Prices for wheat on Wednesday hit a high amid robust demand from emerging countries and weather­-related supply disruptions.

Only two months ago, the FAO estimated the poor countries’ cereal imports bill would rise by 25 per cent.

The world’s largest importer of wheat is Egypt. Darwish Mostapha, undersecretary at the ministry of social solidarity, which is responsible for food sub­sidies, said the country was spending much more to control prices.

“We cannot raise the prices of subsidised food so every increase [in international prices] is absorbed by the state,” Mr Mostapha said. “The bread subsidy alone went up by around $820m last year to reach $2.45bn.”

Food price inflation has forced the Egyptian government for the first time in 20 years to relax the rules about who can receive subsidised food. As a result, officials say they expect an additional 10.5m people to be added to the list.

Pakistan last week launched ration cards to provide subsidised food for nearly 7m households after the price of wheat and edible oils, key staples in the country, soared. Food ration cards in Pakistan were mostly abandoned in the 1980s.

Cereals prices are unlikely to come down in the short-term, said the FAO, despite much more wheat having been planted in the northern hemisphere over the winter.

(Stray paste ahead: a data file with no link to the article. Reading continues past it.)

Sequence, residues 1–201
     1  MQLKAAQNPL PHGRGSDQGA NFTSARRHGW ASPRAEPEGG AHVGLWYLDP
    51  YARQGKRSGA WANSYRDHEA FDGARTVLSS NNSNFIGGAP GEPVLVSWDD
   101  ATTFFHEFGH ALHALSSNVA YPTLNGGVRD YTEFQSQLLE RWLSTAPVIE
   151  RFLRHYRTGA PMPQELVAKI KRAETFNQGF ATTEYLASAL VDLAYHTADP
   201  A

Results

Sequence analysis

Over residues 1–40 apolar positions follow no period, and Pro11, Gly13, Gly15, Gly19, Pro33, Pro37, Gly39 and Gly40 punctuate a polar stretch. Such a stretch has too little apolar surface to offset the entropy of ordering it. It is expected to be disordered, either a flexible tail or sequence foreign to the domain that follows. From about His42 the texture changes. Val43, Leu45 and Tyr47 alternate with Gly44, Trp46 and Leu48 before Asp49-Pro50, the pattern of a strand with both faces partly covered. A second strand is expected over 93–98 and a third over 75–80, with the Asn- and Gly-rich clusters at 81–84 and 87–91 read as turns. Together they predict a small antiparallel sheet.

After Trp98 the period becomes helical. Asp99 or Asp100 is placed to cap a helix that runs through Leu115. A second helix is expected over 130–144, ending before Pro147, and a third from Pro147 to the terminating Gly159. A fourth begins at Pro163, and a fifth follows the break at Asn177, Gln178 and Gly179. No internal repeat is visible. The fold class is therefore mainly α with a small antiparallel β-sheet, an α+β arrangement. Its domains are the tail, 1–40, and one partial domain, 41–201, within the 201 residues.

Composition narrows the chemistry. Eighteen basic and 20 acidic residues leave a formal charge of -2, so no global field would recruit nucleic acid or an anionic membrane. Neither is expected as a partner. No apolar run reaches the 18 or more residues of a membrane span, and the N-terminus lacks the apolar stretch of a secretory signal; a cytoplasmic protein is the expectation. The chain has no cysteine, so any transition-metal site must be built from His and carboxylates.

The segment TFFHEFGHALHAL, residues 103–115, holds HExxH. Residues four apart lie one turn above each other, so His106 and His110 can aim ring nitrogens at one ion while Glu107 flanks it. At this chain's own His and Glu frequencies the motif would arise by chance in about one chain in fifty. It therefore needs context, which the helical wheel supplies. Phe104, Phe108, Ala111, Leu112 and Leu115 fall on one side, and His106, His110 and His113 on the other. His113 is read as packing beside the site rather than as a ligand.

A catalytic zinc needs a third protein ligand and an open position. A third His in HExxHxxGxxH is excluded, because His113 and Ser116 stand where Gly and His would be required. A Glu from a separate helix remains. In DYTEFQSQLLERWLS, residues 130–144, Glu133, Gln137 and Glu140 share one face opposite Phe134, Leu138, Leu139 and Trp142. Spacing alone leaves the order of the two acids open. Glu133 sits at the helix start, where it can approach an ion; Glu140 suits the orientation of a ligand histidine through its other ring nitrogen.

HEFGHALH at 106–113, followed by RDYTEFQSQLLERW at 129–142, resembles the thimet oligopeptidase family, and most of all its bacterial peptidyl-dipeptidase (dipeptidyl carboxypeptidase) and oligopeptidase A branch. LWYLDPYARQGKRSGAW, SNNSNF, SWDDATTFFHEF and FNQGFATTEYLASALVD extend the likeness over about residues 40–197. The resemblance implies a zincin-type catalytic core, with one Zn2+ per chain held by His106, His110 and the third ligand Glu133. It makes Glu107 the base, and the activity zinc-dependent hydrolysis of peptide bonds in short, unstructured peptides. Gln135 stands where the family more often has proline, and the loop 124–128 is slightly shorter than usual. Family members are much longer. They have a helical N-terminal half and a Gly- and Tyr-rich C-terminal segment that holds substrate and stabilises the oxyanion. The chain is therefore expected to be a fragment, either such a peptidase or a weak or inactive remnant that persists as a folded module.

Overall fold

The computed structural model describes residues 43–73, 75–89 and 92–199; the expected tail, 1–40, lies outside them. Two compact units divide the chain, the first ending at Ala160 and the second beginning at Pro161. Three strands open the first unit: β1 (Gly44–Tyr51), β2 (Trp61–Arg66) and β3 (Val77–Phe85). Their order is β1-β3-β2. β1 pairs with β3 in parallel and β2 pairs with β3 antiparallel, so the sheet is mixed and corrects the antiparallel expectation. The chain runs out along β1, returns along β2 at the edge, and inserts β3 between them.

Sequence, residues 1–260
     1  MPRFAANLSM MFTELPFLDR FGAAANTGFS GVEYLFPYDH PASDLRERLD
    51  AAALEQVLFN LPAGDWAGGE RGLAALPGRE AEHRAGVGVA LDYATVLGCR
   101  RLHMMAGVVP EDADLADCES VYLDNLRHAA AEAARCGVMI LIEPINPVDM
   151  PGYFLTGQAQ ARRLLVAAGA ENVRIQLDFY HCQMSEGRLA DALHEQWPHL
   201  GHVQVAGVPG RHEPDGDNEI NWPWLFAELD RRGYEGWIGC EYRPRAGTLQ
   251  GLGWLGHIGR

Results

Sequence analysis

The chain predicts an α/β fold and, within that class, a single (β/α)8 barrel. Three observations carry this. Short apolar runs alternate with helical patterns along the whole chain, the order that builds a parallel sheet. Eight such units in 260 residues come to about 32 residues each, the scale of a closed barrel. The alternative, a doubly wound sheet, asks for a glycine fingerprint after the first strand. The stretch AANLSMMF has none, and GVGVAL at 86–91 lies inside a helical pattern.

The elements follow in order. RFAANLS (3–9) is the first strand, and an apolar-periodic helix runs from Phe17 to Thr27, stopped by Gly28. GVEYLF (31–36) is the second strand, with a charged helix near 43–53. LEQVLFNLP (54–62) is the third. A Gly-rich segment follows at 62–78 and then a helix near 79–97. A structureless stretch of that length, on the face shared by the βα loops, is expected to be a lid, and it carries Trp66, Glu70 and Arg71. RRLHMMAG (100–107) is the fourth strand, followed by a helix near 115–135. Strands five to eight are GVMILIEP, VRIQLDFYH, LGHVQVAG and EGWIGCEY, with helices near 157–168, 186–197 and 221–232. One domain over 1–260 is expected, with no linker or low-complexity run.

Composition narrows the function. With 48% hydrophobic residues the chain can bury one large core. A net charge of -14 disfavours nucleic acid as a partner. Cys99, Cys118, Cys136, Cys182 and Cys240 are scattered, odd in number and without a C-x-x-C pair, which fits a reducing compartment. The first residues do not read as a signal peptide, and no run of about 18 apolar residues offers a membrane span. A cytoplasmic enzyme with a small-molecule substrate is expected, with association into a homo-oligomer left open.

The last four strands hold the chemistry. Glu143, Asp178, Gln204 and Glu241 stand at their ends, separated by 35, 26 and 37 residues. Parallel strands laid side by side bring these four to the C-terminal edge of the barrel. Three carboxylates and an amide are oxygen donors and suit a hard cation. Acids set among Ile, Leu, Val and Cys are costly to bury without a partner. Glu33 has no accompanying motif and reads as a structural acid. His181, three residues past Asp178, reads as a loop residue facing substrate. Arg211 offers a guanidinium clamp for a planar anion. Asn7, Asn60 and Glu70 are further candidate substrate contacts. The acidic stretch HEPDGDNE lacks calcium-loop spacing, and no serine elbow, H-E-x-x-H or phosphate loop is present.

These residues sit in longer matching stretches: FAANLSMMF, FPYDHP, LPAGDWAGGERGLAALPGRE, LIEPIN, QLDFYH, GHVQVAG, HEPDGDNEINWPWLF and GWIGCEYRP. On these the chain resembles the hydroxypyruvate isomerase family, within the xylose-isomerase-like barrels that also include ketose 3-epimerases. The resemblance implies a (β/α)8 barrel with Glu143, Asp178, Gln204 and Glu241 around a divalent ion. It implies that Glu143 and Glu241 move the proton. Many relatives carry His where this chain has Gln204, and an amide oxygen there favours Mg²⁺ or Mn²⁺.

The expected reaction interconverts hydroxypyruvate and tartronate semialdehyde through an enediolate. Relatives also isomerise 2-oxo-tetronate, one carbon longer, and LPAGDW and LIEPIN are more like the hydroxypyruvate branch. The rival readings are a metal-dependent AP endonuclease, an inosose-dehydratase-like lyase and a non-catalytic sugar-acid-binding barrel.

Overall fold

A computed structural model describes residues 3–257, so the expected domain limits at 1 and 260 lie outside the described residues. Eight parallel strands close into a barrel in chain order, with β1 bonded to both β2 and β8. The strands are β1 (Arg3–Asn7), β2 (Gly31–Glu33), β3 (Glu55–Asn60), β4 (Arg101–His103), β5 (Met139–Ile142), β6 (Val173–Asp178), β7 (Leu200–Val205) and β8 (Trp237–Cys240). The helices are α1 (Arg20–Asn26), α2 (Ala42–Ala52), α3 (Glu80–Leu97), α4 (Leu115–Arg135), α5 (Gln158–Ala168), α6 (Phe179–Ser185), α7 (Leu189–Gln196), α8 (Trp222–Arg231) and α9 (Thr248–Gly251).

“The current situation is such that it may require significant increases in production of more than one season’s cereal crop for markets to regain their stability and for prices to decline significantly below the recent highs,” the FAO said.

Top-quality spring wheat – in high demand for baking bread – on Wednesday reached a high of $17.31¾ a bushel at the Minneapolis Grain Exchange, the highest price paid in the US for any wheat variety. However, other strains, such as soft wheat in Chicago, traded significantly lower.

“With world demand showing little sign of abating, international prices of most cereals remain high, and some are still on the increase, while reserves are heading for yet another decline from their already low levels,” the FAO said.

Additional reporting by Najmeh Bozorgmehr in Tehran